When the insured waives that right in a contract, the insurer has no right of subrogation either. Furthermore, if the transferor is also an additional insured under the commercial general liability policy, as a matter of law the insurance company will not be allowed to subrogate against its own insured.
From a workers compensation standpoint, there is usually an additional charge for a waiver of subrogation endorsement if it is even available. However, is such a waiver necessary? Consider this: the waiver of subrogation endorsement only prevents the transferee’s workers compensation insurer from initiating a suit. It does not prevent the transferee’s injured employee from initiating a suit, which is the more frequent cause of claims against transferors.
Secondly, even if a workers compensation insurer does subrogate against the transferor, if the transferor is held harmless and indemnified by the transferee, the risk would be transferred back to the commercial general liability policy of the transferee/indemnity (this is an exception to the contractual liability exclusion, and is thus covered by the transferee’s commercial general liability policy).
In summary, waivers of subrogation applicable to both commercial general liability and workers compensation insurance are probably not as important as many people seem to believe.
Contractual risk transfer is a huge issue within the construction industry. Tracking certificates of insurance and making certain that each party to the transfer has held up his/her end of the deal is, in many cases, a time-consuming and impossible job. Steps can be taken, however, to simplify and improve this process:
1. Update your insurance requirements to reflect modern insurance technology. If your contract still has words in it like comprehensive general liability (a term that was last used in the insurance industry in 1973) or broad form property damage, etc., you should consider updating your requirements.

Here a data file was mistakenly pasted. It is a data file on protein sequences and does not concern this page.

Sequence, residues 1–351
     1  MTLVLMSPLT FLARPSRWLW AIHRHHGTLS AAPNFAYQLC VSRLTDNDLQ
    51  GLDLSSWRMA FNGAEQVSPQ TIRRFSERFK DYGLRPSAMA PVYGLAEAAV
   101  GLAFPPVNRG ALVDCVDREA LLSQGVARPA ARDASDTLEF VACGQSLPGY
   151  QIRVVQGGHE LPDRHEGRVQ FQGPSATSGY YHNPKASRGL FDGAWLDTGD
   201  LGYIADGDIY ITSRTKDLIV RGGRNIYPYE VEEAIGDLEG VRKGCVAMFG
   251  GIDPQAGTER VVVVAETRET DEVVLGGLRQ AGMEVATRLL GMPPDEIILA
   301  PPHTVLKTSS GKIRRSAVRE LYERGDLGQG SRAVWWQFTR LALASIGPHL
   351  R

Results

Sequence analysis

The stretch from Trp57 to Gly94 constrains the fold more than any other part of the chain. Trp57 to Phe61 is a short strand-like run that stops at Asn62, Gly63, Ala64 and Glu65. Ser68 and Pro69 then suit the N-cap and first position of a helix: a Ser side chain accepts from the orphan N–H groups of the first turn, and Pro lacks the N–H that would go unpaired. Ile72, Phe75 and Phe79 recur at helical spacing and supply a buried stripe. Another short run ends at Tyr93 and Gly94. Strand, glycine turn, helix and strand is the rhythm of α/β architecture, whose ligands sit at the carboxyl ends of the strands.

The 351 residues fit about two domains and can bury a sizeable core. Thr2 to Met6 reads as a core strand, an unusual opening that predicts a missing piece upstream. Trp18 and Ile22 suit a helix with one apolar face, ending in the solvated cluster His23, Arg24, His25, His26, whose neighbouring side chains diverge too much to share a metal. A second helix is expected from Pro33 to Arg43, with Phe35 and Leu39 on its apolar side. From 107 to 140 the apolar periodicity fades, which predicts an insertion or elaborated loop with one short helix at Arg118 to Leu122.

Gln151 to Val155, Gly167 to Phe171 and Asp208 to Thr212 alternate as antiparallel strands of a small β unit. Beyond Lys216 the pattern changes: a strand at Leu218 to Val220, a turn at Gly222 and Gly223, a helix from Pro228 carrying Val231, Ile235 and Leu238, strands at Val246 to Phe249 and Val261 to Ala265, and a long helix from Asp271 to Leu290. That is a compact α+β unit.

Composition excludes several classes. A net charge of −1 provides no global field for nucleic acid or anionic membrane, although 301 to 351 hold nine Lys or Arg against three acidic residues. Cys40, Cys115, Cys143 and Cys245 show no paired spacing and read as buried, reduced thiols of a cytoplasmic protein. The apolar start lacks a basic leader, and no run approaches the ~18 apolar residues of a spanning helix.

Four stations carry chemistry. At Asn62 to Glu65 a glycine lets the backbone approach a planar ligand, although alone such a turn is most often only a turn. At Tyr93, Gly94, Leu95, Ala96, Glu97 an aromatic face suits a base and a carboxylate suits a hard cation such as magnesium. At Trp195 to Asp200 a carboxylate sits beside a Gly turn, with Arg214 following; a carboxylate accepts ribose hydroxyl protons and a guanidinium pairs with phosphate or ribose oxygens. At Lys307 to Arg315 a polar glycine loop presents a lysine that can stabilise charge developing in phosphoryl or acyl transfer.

2. Amend your additional insured requirements to deal with the other insurance issue in a manner that works with the standard industry approach instead of requiring special language that achieves little and is difficult to obtain.
3. Do not insist on a waiver of subrogation endorsement on the transferee’s general liability policy. Rather, include a waiver of subrogation in your primary contract.
4. Make certain that the transferee has commercial general liability coverage that is equivalent to the ISO CG0001 policy form.
5. Evaluate whether or not you really need a waiver of subrogation for workers compensation. If you decide to require it, be prepared to deal with the challenges from transferees who either can’t get their insurance companies to provide it, or who will be charged an additional premium (which, ultimately, you will pay).
6. Re-evaluate the requirement that additional insured status applies to completed operations. Recognize that you have this coverage under the indemnity agreement, and that many of your subcontractors may not be able to obtain the additional insured endorsement you’re requiring.
7. Accept the standard insurance certificate without modification, but do require a copy of the additional insured endorsement that adds you to the policy.
8. Don’t try to get a contractual commitment for a longer notice of cancellation than required by state law in the event of cancellation for non-payment of premium, and don’t insist on certified notice of non-renewal or cancellation.
Tracking certificates of insurance and managing contractual risk transfer is a necessary but nightmarish task. Regardless, you can take steps to make this process easier to handle and manage. By prequalifying those with whom you do business to make sure that they can be relied on to perform their contractual obligations, including buying the insurance they promise to obtain, you will go a long way toward managing this exposure.#
Disclaimer: This article is written from an insurance perspective and is meant to be used for informational purposes only. It is not the intent of this article to provide legal advice, or advice for any specific fact, situation or circumstance. Contact legal counsel for specific advice.